The "Federal Court Concepts" module was developed as a research prototype for the Georgia Tech Research in Accessible Distance Education (GRADE) project. GRADE is a project at the Center for Assistive Technology and Environmental Access (CATEA) within the College of Architecture at the Georgia Institute of Technology. The GRADE project is funded by the U.S. Department of Education, Office of Post Secondary Education (OPE) under Grant #P333A020050.
GRADE partners with many educational institutions across the country, including MERLOT - the Multimedia Educational Resource for Learning and Online Teaching. MERLOT is a free, open resource designed primarily for faculty and students of higher education that has a collection of links to online learning materials along with annotations, such as peer reviews and assignments. This module was developed for a presentation at the 2004 MERLOT International Conference. Also, an article on the process of creating the module and its accessibility features was published, Closing the Circuit: Accessibility from the Ground Up.
Accessibility Features of this Module
The "Federal Court Concepts" module was designed to be completely accessible to students with disabilities and useful to all users. This module has been tested for accessibility and offers several accessibility features for students with disabilities. Additionally, this module was designed to take advantage of the accessibility techniques, tools, and tips developed by the GRADE project. The accessibility features built-into this module include:
Each page in this module has a link in the upper left-hand
corner called "Skip to main content."
Alternative Text and Long Descriptions for Images
All users are not able to view the images on a page, whether due to a disability or a slow Internet connection. As a result, alternative text (or more commonly, "alt-text") that provides a short, literal description equivalent of what the image represents is needed whenever an image is present. For example, the module-title image contains the text "Federal Court Concepts," and the alternative text for the image presents as "Federal Court Concepts" to text browsers or screenreaders. (To see the alternative text in a graphical browser, move the mouse or other pointing device over the image, or "turn-off images.")
However, not all images are equal; some images are complex
like photographs or present information like charts and graphs. As a result,
in addition to alternative text, complex graphics need "long descriptions"
and "d-links" to provide additional, detailed information. These
"d-links" go to pages that have detailed "long descriptions"
of the content of the image. Some images in this module have the letter
"d" beside them as a link to illustrate this concept. For example,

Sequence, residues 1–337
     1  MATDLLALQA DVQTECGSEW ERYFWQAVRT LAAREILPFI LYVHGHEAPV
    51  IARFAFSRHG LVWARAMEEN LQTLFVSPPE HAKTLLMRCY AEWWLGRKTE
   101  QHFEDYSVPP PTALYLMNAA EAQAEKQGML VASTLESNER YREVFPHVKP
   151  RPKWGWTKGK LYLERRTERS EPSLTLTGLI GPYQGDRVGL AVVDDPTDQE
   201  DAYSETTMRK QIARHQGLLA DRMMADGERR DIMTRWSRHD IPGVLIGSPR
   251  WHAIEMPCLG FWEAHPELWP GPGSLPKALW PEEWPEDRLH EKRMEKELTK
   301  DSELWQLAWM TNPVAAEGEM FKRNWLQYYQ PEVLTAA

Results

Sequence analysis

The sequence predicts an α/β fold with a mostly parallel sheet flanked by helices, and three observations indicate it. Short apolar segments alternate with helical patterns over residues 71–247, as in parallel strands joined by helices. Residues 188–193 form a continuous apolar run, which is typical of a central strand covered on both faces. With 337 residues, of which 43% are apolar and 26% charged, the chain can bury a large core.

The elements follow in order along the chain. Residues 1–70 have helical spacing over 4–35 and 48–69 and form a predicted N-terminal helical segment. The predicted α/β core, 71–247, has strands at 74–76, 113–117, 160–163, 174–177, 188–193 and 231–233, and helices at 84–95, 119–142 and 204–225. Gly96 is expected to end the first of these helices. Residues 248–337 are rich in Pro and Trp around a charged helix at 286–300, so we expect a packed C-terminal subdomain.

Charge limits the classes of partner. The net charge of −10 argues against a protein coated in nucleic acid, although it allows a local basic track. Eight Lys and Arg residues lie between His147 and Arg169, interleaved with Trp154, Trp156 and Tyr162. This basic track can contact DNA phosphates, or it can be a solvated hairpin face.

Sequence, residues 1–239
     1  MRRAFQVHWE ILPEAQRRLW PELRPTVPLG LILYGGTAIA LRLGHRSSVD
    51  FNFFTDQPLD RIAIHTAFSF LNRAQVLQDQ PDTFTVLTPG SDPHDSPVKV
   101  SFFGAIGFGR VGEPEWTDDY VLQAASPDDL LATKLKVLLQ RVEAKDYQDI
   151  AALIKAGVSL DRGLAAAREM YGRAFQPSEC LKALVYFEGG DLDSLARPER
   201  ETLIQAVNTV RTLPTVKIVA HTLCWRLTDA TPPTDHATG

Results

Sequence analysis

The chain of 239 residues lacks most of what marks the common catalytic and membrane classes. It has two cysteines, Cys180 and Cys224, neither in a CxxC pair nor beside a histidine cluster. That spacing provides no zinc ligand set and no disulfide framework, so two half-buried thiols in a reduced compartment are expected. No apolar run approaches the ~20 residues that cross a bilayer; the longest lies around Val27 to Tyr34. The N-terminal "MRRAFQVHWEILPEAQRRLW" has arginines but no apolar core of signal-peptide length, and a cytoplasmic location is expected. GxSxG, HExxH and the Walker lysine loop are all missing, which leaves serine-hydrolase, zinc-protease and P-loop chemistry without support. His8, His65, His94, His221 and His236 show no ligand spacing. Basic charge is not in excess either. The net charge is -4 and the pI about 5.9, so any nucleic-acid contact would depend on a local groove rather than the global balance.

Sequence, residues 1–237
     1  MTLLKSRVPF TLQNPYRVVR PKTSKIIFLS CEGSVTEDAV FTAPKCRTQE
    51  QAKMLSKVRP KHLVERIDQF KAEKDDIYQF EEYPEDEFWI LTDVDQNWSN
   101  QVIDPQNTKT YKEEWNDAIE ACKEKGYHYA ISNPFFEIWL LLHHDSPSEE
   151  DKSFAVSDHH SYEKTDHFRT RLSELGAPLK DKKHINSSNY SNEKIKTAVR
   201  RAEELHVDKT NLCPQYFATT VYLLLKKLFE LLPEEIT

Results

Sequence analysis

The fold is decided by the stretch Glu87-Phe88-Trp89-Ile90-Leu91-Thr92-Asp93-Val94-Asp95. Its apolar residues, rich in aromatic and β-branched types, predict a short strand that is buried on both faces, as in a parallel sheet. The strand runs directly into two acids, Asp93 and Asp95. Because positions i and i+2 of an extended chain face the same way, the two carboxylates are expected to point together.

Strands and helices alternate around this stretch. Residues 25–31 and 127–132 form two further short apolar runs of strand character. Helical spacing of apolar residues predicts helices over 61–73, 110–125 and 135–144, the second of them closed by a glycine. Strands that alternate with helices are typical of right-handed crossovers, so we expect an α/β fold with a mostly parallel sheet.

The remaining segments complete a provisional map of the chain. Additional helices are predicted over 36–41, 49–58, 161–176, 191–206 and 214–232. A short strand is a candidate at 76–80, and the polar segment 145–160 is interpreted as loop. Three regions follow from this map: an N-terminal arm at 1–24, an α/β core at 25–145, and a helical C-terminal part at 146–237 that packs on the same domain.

the module-title image which contains the text "Federal Court Concepts"
and also consists of three decorative graphics. The alternative text says
"Federal Court Concepts" while the long
description of the module-title image describes each of the the components
that make-up the image for users who cannot view the graphic, whether
due to a disability or a slow Internet connection.
This module uses a cascading style sheet to set the color, size, font, and placement of text for all its pages. Altering the style sheet allows the developer to change the look and feel of the module without having to edit each page individually. Users can also develop customized style sheets to their own preferences, such as larger font size or different text or background color. An alternate version of this page using a customized style sheet is available to illustrate the concept.
Most Internet sites are developed using HyperText Markup Language (HTML), or "first generation" design. However, many online education courses also use "second generation" materials, such as Macromedia Flash animations or Microsoft Word documents, to supplement the HTML content. This module incorporates "second generation" materials, including Microsoft PowerPoint slides and a Microsoft Excel chart, that have been optimized for accessibility.
The "Federal Court Concepts" module meets the Section 508 standards as well as the World Wide Web Consortium (W3C) Web Content Accessibility Guidelines (WCAG). Both sets of guidelines explain how to make web content accessible to people with disabilities as well as beneficial to all users. The following table offers a description of the icons and tools used for testing the accessibility of this module.
For more information about making distance education accessible, please visit the GRADE ten-module tutorial, Access E-Learning.